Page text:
Big Easy Shares Billing with Big Wiesy


04 Sony OpenHONOLULU - Ernie Els has played before the largest galleries this week at the Sony Open, in part because he is trying to become the first player in its 40-year history to win three straight times. And also because the Big Easy has been hanging around the Big Wiesy.
In the first full-field event, with the No. 1 player (Vijay Singh) at Waialae Country Club for the first time, 15-year-old Michelle Wie remains the star attraction as she pursues history of her own. She will try to become the first woman to make the cut on the PGA Tour since Babe Zaharias in the 1945 Tucson Open.
A year ago, Wie shot 68 in the second round ' the lowest score by a female competing against men ' and finished at even-par 140 to miss the cut by one shot.
'To me, the two stories are: Can Ernie win three in a row? And Michelle Wie, how is she going to play?' David Toms said Wednesday. 'I think it's good for this golf tournament.'
It might be a little tougher for Wie this time around.
She now has a performance to measure herself against. And while expectations are high, so is the rough. Add in some heavy rain in recent weeks, and Waialae Country Club is playing every bit of its 7,060 yards.
Wie headed to the practice range late Wednesday afternoon, searching for a spot between Zach Johnson and Jesper Parnevik as she tried to control her driver.
She was to tee off Thursday at 8:59 a.m. HST, playing with 31-year-old Brett Wetterich and 23-year-old Matt Davidson, who graduated from Furman last year and will be playing his first PGA Tour event.
Els wasn't willing to offer any predictions, only that he is no less astonished by her game.
'It's amazing what she is doing ' a 15-year-old girl playing in a PGA Tour event,' Els said. 'She's doing a hell of a job, and she believes she can play with us, which is great. I think from last year to this year, I could see her developing as a person now.'
Els also played a practice round last year, fitting since Wie was dubbed the 'Big Wiesy' as a 12-year-old when Tom Lehman compared her swing favorably with Els.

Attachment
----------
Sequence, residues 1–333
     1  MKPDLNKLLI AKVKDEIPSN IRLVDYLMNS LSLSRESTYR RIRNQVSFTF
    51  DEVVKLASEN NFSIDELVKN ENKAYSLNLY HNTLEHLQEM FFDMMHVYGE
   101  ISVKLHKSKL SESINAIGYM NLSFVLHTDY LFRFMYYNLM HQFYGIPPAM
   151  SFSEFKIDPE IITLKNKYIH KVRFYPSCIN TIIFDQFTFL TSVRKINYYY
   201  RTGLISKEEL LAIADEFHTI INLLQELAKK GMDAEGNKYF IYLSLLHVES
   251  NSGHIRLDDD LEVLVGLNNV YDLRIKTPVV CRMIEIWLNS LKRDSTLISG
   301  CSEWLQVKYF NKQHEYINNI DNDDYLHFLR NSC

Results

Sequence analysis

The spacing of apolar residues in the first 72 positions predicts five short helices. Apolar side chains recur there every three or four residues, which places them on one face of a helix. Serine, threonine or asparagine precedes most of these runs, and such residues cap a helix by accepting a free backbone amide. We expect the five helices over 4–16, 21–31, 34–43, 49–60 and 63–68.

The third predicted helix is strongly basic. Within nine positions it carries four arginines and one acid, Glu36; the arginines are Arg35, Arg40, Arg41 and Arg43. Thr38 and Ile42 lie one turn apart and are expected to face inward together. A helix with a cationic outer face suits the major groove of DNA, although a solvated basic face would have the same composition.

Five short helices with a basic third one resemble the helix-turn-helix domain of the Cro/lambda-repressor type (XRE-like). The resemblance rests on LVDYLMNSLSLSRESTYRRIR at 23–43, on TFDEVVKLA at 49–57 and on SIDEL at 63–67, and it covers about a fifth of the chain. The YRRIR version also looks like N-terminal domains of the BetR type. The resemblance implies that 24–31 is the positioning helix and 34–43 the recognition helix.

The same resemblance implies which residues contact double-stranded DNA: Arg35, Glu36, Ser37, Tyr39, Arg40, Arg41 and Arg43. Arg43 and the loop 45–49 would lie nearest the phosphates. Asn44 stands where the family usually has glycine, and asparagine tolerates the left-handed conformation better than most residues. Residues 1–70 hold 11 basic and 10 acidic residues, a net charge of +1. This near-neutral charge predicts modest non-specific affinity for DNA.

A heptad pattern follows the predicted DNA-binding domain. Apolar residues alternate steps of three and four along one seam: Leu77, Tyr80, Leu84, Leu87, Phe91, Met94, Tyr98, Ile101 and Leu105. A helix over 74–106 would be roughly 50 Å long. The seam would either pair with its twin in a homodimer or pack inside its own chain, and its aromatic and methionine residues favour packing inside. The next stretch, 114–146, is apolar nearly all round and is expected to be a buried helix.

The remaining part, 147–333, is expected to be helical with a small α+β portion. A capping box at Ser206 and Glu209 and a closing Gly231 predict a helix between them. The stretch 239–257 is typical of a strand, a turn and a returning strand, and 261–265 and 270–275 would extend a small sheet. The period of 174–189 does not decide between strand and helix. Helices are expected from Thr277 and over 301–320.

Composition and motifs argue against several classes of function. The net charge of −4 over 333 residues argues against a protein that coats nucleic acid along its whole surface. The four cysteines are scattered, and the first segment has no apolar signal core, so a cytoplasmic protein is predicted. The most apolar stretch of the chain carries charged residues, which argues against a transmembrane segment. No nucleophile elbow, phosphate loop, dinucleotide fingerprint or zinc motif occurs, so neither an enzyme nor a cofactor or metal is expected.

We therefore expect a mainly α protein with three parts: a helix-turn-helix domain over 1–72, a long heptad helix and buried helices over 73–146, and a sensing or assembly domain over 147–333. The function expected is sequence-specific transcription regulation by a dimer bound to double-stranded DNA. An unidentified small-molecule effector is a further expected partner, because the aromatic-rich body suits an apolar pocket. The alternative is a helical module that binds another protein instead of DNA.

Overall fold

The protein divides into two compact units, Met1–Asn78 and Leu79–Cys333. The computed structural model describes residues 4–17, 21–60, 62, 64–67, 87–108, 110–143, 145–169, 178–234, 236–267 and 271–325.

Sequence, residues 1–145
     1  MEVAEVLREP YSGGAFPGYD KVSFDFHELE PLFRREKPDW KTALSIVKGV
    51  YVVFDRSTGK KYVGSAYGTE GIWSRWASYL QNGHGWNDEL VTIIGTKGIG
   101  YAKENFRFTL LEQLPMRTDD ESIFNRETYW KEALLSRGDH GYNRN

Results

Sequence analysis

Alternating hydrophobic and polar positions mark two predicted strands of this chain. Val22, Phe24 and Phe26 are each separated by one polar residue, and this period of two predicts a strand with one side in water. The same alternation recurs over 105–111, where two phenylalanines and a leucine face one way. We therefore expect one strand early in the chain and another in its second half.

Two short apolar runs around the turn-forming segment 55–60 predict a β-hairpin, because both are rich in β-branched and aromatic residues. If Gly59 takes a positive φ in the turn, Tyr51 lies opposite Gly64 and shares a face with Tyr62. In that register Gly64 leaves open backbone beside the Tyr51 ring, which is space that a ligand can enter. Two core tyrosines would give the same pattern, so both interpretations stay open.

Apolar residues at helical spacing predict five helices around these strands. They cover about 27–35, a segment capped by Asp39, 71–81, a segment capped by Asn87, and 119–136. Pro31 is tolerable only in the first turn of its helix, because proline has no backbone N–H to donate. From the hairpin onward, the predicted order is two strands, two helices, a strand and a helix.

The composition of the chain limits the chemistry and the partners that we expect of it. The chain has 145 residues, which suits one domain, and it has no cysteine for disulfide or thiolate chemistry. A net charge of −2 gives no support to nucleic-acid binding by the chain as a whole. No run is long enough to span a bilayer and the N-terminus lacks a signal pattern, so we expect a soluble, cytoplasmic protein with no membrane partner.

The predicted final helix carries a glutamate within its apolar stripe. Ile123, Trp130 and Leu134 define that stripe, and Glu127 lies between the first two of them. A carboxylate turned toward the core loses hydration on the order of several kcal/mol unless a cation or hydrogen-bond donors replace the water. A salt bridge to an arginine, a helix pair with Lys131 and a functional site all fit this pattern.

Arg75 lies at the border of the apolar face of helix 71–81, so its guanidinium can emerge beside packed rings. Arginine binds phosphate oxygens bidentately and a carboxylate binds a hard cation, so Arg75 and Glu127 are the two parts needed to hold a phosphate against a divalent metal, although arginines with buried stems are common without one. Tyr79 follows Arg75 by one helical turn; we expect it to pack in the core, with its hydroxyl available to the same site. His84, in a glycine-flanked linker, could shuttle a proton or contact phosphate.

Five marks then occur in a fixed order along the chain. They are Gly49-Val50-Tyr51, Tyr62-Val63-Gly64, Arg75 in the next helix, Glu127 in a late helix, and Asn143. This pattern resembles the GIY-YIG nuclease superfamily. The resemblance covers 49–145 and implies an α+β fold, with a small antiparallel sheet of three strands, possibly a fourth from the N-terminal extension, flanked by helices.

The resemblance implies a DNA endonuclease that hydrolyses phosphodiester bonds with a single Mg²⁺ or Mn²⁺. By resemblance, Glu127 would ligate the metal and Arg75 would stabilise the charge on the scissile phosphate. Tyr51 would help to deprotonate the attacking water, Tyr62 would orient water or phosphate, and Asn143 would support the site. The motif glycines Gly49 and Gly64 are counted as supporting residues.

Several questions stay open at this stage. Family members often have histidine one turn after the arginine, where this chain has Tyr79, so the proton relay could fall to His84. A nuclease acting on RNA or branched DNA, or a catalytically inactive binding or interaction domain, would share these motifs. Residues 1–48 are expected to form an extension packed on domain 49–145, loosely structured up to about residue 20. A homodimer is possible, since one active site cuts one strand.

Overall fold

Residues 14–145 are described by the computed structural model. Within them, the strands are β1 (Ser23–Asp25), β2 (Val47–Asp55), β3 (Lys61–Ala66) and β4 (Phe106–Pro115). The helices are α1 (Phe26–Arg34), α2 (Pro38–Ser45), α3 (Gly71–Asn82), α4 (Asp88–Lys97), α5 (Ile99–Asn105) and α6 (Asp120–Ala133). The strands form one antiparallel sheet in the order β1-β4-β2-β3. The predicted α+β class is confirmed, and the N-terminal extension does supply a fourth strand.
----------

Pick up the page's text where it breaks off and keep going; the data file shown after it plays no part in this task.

They played twice this time ' a practice round Tuesday, the pro-am round Wednesday ' and it wasn't hard to figure out where they were on the traditional course lined by skinny palms.
Just look for the crowds.
'Home crowds can go two ways,' Jim Furyk said. 'But at the tender age of 15, I think she's probably very well-suited to pressure and having the home crowd. And she's well, well, well beyond her years, well beyond a 30-year-old probably in a lot of ways.'
The first full-field event of the year features four players from the Champions Tour ' Monday qualifier Dick Mast, Peter Jacobsen, Craig Stadler (playing this week with son Kevin, a PGA Tour rookie) and Tom Kite, who is using a one-time exemption from the money list to play one final year on the PGA Tour.
And while the PGA Tour season is only one week old, it allows Els a chance at redemption.
Just four days ago, he stood on the 18th tee at Kapalua needing a birdie on the par 5 to force a playoff. Instead, his tee shot sailed to the right, hit a cart path and went out of bounds.
He seems to have recovered.
'I made a mistake there and it was difficult,' he said. 'But I'm fine now. It's not like it's never happened before. But yeah, I look at the bad side. I had a chance to win and I blew that. The good side is it's the first tournament of the year. It's not a bad start to the year.'
Waialae is a good place for him to feel good vibes.
The Buick Classic, the Heineken Classic and the World Match Play Championship in England (where he has a home on the 16th fairway) are the only other tournaments Els has won at least two times in a row.
It wasn't easy at the Sony Open.
He outlasted Aaron Baddeley on the second playoff hole two years ago when Els holed a 55-foot birdie putt and Baddeley three-putted for bogey from 20 feet. A year ago, Els lost a two-shot lead on the back nine, then beat Harrison Frazar on the third extra hole with a 30-foot birdie putt.
'I've been fortunate in those playoffs,' Els said. 'It could have gone either way. I could be sitting here and moaning about how I lost them, but I won them. That's a good thing.'
Even so, he has never finished worse than fifth in his four previous years at the Sony Open.
'It helps when you have a good feel around the place,' Els said. 'Definitely, I have it here. But you've still got to go out there and play the course. You can't go back on your record.'
That's good advice for anyone this week, especially Wie.
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